Baden-Württemberg: First case of monkeypox confirmed in Baden-Württemberg

The first German case was in Bavaria.

Baden-Württemberg: First case of monkeypox confirmed in Baden-Württemberg

The first German case was in Bavaria. Now a case of monkeypox has also been detected in the southwest. Health Minister Lucha does not see any major danger for the time being. But authorities should be careful.

Stuttgart (dpa / lsw) - The first case of monkeypox has been detected in Baden-Württemberg. A patient from the Ortenau district with a corresponding infection has been treated as an inpatient at the University Hospital in Freiburg since Sunday evening, the Ministry of Health in Stuttgart announced on Monday. The patient is a travel returnee from Spain, he has a fever, cough and shows typical skin changes. However, his condition is stable and he is in isolation.

The general risk of infection for the population in Baden-Württemberg is currently assessed as low by the state health department, said Health Minister Manne Lucha on the case of infection. Nevertheless, one should not underestimate the monkeypox virus. "We are therefore continuing to follow the situation in the state very closely. The health authorities in Baden-Württemberg have already been informed and are correspondingly sensitized," said the Green politician.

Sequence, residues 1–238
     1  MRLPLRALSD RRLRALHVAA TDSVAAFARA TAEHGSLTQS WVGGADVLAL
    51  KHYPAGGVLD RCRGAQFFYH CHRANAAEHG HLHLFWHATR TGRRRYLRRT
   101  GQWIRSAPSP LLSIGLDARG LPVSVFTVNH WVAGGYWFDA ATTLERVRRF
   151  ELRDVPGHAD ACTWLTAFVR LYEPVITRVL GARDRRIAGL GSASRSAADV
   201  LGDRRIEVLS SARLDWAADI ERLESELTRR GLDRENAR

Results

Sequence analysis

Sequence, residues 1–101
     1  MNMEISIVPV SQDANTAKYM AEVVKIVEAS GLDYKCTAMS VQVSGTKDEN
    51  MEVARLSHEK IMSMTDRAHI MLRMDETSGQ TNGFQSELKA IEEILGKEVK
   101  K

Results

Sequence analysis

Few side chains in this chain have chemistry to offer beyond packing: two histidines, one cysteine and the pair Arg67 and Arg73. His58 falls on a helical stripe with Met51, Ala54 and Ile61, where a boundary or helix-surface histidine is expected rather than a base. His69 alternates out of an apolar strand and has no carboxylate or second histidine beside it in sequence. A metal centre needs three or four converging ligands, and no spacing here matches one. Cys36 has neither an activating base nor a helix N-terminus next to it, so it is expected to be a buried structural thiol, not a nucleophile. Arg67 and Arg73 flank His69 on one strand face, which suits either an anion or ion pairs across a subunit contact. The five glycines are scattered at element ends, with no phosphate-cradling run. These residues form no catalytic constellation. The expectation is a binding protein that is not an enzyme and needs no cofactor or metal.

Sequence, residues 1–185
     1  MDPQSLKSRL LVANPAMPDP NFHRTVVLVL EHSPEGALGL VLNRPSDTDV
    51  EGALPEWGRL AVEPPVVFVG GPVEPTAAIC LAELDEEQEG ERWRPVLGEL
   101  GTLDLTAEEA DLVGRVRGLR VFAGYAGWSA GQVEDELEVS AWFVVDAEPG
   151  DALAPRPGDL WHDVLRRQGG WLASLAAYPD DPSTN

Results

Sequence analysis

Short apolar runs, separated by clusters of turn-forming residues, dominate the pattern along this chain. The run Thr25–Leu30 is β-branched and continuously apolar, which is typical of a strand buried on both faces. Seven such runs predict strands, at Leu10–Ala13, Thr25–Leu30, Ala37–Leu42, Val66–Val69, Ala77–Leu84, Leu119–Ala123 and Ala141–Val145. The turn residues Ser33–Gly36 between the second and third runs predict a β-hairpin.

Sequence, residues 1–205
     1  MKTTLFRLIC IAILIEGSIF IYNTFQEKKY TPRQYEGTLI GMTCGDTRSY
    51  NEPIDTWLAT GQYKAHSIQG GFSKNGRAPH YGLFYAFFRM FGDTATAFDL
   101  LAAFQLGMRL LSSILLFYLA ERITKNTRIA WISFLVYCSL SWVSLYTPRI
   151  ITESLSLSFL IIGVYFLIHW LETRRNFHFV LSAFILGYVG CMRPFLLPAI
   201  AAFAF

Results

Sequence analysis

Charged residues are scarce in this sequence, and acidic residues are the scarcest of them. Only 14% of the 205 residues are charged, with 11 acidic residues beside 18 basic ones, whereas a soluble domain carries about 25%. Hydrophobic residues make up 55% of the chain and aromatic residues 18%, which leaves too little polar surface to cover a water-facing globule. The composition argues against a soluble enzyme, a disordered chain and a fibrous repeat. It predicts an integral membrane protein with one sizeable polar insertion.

The health department of the district of Ortenau is therefore investigating another suspected case and is currently trying to understand the contact persons of the patient. If necessary, the authority would issue quarantine orders, it said. The patient was diagnosed by PCR analysis. Genome sequencing at the Institute for Virology at the University Hospital in Freiburg is intended to determine whether the virus strain is from West or Central Africa. The result should be available in the coming days.

In the course of the increased attention to the disease, cases of monkeypox, which actually occurs rarely, are being detected in more and more countries. The first case in Germany was reported from Bavaria. The virus was detected in a patient last Thursday, as the Institute for Microbiology announced on Friday in Munich. The patient had characteristic skin changes. Cases had previously been reported from numerous other countries such as Great Britain, Spain, Sweden and the USA.

According to experts, people who have sexual contact with many different people are most at risk of infection. The virus is mainly transmitted via direct contact or contact with contaminated materials. Transmission via droplets in the air is also possible over shorter distances - which is probably very rare.

Smallpox has been considered eradicated worldwide since 1980, and no vaccinations have been given since then. The disease is named monkeypox after the pathogen was first detected in monkeys in a Danish laboratory in 1958. Experts suspect that the virus actually circulates in squirrels and rodents, while monkeys and humans are considered false hosts.


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